In September, Microsoft reported on cyber-attacks it has detected targeting people and organizations involved in the upcoming November presidential election. According to the report, three groups from Russia, China, and Iran were involved identified as:
- Strontium, operating from Russia, has attacked more than 200 organizations including political campaigns, advocacy groups, parties, and political consultants
- Zirconium, operating from China, has attacked high-profile individuals associated with the election, including people associated with the Joe Biden for President campaign and prominent leaders in the international affairs community
- Phosphorus, operating from Iran, has continued to attack the personal accounts of people associated with the Donald J. Trump for President campaign
It should be noted that in August 2020, the U.S. Department of Defense named Russia, China, and Iran as the main players which cyber experts are looking at concerning the November election. A US National Security Agency election security specialist reportedly said during a recent panel that “Iran is also getting into the influence game…and is learning from what other adversaries are doing.” A Reuters investigation has found more than 70 websites that push Iranian propaganda to 15 countries, in an operation that cybersecurity experts, social media firms and journalists are only starting to uncover.
Various media outlets and think-tanks previously looked at the Iranian group Phosphorous:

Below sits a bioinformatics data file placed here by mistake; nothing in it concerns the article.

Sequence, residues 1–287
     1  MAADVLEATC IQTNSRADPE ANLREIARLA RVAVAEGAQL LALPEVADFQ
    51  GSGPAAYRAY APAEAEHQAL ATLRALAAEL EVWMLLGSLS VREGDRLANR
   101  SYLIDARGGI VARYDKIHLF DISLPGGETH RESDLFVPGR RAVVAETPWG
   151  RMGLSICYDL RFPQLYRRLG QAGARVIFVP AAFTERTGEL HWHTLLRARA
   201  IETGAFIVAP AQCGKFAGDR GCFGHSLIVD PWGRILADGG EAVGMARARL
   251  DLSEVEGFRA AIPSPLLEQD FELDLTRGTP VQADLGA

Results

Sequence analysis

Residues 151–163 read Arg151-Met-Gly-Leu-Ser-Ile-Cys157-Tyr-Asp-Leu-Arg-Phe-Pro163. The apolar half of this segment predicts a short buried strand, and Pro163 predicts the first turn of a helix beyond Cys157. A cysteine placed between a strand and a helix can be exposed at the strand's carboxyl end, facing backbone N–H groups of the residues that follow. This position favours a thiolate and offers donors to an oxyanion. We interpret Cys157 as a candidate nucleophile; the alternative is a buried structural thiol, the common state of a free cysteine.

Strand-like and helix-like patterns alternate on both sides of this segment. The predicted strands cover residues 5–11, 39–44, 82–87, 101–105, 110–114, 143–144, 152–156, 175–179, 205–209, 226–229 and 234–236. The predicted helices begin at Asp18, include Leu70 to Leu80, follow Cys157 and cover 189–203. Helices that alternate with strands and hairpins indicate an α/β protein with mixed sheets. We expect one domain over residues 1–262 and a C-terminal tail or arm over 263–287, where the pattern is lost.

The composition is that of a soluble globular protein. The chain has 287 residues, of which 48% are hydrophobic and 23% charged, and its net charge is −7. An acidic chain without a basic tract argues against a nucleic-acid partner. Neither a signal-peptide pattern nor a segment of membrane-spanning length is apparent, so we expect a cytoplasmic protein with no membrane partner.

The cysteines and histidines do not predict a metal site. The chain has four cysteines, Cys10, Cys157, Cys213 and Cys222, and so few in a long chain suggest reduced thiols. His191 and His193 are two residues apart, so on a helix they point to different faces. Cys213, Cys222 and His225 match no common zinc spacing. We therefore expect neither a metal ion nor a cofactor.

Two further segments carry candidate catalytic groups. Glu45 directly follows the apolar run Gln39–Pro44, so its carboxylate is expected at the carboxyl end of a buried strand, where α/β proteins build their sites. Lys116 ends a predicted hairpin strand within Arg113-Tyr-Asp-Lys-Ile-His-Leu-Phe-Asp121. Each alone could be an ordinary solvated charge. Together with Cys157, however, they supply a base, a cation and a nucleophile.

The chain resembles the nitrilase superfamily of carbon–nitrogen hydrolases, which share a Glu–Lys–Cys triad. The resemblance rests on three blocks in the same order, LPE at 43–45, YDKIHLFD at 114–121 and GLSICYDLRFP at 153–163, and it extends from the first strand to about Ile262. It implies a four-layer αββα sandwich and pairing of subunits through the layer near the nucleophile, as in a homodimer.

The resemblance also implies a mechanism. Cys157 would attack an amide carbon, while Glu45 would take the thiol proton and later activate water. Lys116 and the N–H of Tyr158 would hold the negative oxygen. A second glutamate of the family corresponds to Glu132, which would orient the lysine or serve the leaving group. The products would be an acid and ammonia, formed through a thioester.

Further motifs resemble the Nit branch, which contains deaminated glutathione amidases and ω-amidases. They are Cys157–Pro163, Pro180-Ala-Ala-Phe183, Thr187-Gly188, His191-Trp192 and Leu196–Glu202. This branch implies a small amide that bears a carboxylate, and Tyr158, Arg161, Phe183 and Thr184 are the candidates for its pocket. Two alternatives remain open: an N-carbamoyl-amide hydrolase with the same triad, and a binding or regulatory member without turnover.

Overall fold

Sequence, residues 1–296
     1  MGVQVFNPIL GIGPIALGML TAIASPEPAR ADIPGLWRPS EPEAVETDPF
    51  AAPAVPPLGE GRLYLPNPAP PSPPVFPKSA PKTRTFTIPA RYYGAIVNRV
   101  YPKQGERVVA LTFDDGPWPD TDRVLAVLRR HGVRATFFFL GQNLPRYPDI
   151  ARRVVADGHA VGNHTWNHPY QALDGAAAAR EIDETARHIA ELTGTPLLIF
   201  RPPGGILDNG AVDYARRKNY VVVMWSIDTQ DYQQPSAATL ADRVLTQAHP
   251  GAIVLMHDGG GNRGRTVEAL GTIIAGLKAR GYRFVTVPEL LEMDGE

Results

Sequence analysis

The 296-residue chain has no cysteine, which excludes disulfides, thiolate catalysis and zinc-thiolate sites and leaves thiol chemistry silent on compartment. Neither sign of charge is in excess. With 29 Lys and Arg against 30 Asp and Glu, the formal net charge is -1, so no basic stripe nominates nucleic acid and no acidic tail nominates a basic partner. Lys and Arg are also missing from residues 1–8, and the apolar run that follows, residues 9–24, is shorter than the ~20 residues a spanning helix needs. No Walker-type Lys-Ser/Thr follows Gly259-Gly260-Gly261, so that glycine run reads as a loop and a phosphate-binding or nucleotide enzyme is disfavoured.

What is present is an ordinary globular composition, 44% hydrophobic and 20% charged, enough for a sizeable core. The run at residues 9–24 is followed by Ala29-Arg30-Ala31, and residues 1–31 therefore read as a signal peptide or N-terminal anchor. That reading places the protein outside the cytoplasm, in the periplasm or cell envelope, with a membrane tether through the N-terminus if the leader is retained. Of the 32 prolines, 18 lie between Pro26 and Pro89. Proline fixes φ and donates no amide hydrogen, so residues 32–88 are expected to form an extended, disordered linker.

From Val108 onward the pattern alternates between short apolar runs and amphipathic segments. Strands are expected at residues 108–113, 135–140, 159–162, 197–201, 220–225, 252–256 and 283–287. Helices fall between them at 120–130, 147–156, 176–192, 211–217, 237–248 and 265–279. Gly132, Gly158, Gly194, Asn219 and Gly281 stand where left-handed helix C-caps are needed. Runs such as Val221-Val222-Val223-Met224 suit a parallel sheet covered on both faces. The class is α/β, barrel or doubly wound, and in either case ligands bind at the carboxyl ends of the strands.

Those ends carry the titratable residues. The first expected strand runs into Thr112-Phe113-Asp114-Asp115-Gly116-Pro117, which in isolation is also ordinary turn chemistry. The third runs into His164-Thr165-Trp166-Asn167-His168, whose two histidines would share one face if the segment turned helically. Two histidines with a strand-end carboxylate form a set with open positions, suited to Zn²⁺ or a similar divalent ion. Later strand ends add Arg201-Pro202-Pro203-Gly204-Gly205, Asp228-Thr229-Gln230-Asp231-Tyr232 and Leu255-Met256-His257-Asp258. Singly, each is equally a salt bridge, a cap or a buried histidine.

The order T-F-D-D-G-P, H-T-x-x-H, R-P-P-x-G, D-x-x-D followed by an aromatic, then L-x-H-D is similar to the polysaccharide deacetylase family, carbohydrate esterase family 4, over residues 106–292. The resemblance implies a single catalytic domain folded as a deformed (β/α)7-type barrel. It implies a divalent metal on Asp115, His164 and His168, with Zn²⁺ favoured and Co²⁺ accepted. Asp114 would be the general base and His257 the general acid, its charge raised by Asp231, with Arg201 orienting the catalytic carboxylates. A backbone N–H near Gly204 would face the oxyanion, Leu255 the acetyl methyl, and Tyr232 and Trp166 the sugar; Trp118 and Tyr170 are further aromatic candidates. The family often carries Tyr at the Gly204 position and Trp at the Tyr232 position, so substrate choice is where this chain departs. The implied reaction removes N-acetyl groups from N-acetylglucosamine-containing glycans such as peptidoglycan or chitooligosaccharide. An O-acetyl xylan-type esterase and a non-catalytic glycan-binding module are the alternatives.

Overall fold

- According to a cybersecurity website, the group is also named APT 35, Charming Kitten and Ajax Security Team. It reportedly works for Iranian Intelligence and has a history of infiltrating government networks of adversaries in the past.
- The Brookings Institute, a U.S. think-tank, noted that Phosphorous has been associated with phishing attacks, in which the email appears to come from an antivirus email but is actually laced with malware.
- In 2019 Reuters noted that over 30 days in August and September, Phosphorous made more than 2,700 attempts to identify consumer accounts, then attacked 241 of them.
- An analysis by the United States Institute of Peace (USIP) said Phosphorous was behind an October 2019 failed attempt to breach accounts connected with President Trump’s re-election campaign as well as the accounts of journalists and U.S. officials.
The same USIP report also named Phosphorous as among five known Iranian hacker groups that also included:
- Izz ad-Din al-Qassam Cyber Fighters – This group claimed responsibility for the DDoS cyberattacks against U.S. financial institutions in September 2012. The same month, Sen. Joe Lieberman claimed that the group was connected to the IRGC’s elite Qods Force.
- APT33 (aka Elfin, Refined Kitten, Holmium) – This group carried out cyber espionage operations against aviation, military, and energy targets in the United States, Saudi Arabia and South Korea. Cybersecurity firm FireEye linked APT33 to the Iranian government.
- OilRig – This group focused on private industry targets outside of Iran, most famously hacking Sheldon Adelson’s Las Vegas Sands Corporation in February 2014. The group was, in turn, hacked by Turla, a Russian FSB-associated group. The Russians used the hijacked group to hack targets in the Middle East and the United Kingdom, according to U.S. and British officials in October 2019.
- Iranian Dark Coders Team – This hacking collective primarily focused on cyber-vandalism. It defaced American and Israeli websites with pro-Hezbollah and pro-Iran propaganda in 2012. The group has not been tied to the Iranian government and may consist of freelancers or criminal elements.
The GIOR reported earlier on FBI indictments of deven Iranian hackers charged in connection with yber intrusions and fraud, vandalism of U.S. websites, and intellectual property theft from U.S. aerospace and satellite technology companies.